On January 16, a dozen global human rights experts, associated with the United Nations Human Rights Council, raised serious concerns on the alarming increase in abductions of girls in Pakistan who are later forced to marry and trafficked far from their homes. They urged the Pakistan authorities to adopt and enforce legislation prohibiting forced and child marriages, kidnapping, coerced religious conversions, and trafficking, and abide by their international human rights commitments to combat slavery and human trafficking, and to uphold the rights of women and children, in particular.
This statement, issued in Geneva, coincided with the news released by the United States Department of Justice on January 24, of the court having sentenced three Pakistani-origin Americans in Richmond, Virginia on the charges of committing forced labour and for compelling the domestic labour of a Pakistani girl who was trafficked to the US under cover of solemnising marriage in Pakistan with a member of the American family. The family had forced the girl to serve the family as a domestic servant under violent circumstances.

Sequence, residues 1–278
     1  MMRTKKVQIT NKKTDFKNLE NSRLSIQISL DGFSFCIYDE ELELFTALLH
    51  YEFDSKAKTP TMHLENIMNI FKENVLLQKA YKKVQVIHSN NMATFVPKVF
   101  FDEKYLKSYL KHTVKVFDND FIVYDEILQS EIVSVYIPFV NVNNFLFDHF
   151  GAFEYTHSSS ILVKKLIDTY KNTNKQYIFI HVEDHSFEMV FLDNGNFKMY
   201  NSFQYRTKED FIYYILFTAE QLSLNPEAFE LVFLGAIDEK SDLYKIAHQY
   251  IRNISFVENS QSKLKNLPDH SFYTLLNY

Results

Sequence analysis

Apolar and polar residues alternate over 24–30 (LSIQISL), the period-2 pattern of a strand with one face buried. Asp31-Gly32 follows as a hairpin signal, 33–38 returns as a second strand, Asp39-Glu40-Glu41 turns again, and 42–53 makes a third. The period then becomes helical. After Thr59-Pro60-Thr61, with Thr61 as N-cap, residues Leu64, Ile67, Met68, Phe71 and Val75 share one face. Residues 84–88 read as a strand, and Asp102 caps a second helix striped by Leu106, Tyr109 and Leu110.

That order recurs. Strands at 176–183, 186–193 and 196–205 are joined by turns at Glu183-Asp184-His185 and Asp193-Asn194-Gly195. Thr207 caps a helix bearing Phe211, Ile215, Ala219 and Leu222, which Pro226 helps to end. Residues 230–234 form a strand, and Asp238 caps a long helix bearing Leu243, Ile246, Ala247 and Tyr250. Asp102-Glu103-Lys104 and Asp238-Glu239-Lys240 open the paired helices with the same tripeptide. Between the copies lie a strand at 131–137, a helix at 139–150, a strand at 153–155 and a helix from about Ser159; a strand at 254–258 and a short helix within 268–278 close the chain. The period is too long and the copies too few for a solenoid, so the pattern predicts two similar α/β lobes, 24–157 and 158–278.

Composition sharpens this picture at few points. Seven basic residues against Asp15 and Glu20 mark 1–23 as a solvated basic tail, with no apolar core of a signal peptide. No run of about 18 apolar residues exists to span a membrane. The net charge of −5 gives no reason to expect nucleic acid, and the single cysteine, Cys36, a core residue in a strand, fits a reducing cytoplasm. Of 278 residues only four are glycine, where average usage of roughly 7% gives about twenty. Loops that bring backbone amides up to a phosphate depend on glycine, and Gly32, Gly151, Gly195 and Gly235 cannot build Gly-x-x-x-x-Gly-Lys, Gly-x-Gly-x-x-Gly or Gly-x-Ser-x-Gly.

The victim was living in inhumane conditions. The convicted family was using verbal and physical abuses and employing coercive means to compel the victim’s labour in their home. She was forced to work every day from early morning till late night, was confined to home premises all the time, and was not allowed to go out or to speak to anyone except this family. Also, the girl was restricted from calling her family in Pakistan and no money was ever given to her. This was going on for twelve long years since her fake wedlock, despite the fact that she became mother to three children during this period.